22. @ 21. ExDeloitte

      Great find! A lovely little morsel for the PwC International lawyers to get their teeth into!

    23. ExDeloitte @ 21,

      Fascinating information. It appears that —

      1. Satyam pays audit fees to PW India and, in return, gets a Big 4 signature on the F/S.

      2. PW India, who “has no manpower, and hence, as part of an internal arrangement gives out their work,” outsources the audit hours to Lovelock & Lewes.

      3. Lovelock & Lewes, who is a “network firm of the international consulting body PwC,” apparently “has no authority to audit under PwC’s name.” That sounds like a bit of hair-splitting spin to me. PW India may have been responsible for the audit opinion, and chose to outsource the work to a member firm. That doesn’t necessarily mean that Lovelock & Lewes “audited” under PwC’s name.

      4. Satyam pays PW India its fees, the PW partners book the fees and revenue under their names, then subsequently transfer the payments to Lovelock & Lewes. The metrics have been satisfied. If Lovelock & Lewes’ rates were significantly lower than PW’s rates, then engagement margins could have been quite nice, indeed. High revenue, high margins, no performance reviews — sounds like a dream engagement!

      5. PW India, completely relying on the work of the other firm’s staff, signs the F/S. I wonder how they determined they could rely on the others’ work?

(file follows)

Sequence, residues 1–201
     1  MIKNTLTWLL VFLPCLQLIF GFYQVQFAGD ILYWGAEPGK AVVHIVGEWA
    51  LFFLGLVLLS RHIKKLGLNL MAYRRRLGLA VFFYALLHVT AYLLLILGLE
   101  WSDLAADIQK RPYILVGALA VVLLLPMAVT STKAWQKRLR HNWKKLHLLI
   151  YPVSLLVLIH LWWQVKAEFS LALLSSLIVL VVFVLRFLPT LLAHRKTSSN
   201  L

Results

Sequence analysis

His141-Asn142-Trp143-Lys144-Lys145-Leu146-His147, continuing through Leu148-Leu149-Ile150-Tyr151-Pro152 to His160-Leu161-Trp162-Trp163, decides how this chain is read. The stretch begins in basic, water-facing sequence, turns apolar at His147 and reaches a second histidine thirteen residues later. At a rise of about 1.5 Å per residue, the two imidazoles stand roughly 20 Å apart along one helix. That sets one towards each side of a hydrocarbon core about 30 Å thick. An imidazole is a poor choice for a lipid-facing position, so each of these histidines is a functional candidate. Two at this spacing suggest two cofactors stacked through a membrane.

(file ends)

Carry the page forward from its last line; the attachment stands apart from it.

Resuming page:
The more I learn, the more I just shake my head in bewilderment….

      Thanks for the info.

      — Tenacious T.

    24. Fran,

      Dennis H. had a nice post on this latest turn of events, and some nice things to say about you.

      You should post a link, if you haven’t already done so.

      — Tenacious T.

    25. @TT
      Dennis and I talk 24/7. Skype, Twitter, phone (which jacks up both our phone bills because the bugger is in Spain.) On these issues we confer. Excessively. He does his thing and I do mine and we don’t always agree, but we always discuss. In detail. Excruciating detail. :)

      I am working on my own post to update on new stuff. I also Tweeted both articles last night and got quite a few replies and re-tweets on them. You should check my Twitter more often. It’s where I address breaking news until I can do a longer post.
      http://www.twitter.com/retheauditors

      My post out later today. Not too much later.